I wouldn’t be the first to point out that popular environmentalism has a lot in common with pantheism. But one doesn’t have to make environmentalism a religion in order to see that the movement shares concerns with traditional religious worldviews. For example, the present Ecumenical Patriarch of the Orthodox Church, Bartholomew, has earned the nickname “the Green Patriarch” for his efforts in encouraging Christian stewardship of the world’s resources. Oxford has released a new book by Robert Nadeau, Rebirth of the Sacred: Science, Religion, and the New Environmental Ethos (2012), that explores the relationship between spirituality and environmentalism. The publisher’s description follows.
There is also a large and growing consensus in the scientific community that resolving the environmental crisis will require massive changes in our political and economic institutions and new standards for moral and ethical behavior. In this groundbreaking book, Robert Nadeau makes a convincing case that these remarkable developments could occur if sufficient numbers of environmentally concerned people participate in the new dialogue between the truths of science and religion.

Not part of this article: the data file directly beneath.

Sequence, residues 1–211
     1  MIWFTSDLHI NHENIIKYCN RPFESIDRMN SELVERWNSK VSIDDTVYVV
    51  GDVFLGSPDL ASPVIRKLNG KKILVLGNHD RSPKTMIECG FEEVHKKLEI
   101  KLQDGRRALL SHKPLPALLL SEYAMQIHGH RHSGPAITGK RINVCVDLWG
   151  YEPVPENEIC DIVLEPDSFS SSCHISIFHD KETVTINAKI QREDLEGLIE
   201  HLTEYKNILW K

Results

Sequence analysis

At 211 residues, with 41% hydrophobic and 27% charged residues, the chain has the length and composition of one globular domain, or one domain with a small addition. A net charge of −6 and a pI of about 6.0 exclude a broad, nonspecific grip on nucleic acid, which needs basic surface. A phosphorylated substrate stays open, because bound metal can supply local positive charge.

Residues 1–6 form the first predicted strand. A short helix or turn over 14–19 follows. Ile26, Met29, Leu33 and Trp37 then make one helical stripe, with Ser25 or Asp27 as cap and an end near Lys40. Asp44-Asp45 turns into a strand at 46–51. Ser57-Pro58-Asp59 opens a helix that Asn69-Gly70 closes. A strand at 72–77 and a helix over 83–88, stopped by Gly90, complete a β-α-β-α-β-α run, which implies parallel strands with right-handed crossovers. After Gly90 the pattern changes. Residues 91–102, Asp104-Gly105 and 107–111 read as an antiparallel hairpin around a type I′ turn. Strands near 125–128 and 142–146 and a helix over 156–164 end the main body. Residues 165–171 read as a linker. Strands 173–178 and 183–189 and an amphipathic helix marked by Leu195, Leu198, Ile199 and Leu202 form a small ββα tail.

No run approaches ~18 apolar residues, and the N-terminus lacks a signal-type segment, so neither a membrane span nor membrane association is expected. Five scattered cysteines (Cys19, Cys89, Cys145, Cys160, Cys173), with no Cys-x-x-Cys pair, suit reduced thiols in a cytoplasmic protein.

Those who enter this dialogue will discover that the most fundamental scientific truths in contemporary physics and biology are analogous to and fully compatible with the most profound spiritual truths in all of the great religious traditions of the world. They will learn that recent scientific research has revealed that all of the 7 billion people on this planet are members of one extended human family and closely resemble other members of this family in genetic, cognitive and behavioral terms. And they will also learn that this research has also shown that we have an evolved and innate capacity to experience the other as oneself on the precognitive level and to engage in spontaneous moral behavior in the absence of feedback from higher level cortical processes associated with making conscious moral decisions.
During the course of this discussion, it should become clear that there are two reasons why the new dialogue between the truths or science and religion could greatly enhance the prospects of resolving the environmental crisis. The first is that this dialogue can serve as the basis for articulating and disseminating an environmental ethos with a profound spiritual dimension. And the second is that the widespread acceptance of ethos could result in the fairly rapid emergence of well organized and highly effective worldwide movement in religious environmentalism.